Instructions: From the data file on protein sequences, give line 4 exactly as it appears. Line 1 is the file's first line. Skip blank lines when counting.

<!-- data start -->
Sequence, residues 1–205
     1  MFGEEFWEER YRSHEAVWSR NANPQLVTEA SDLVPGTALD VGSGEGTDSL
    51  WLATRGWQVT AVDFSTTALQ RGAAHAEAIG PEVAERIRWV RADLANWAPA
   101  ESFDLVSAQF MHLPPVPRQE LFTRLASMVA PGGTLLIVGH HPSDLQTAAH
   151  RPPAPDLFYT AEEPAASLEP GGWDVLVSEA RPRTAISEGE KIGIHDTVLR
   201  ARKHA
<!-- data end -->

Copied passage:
   101  ESFDLVSAQF MHLPPVPRQE LFTRLASMVA PGGTLLIVGH HPSDLQTAAH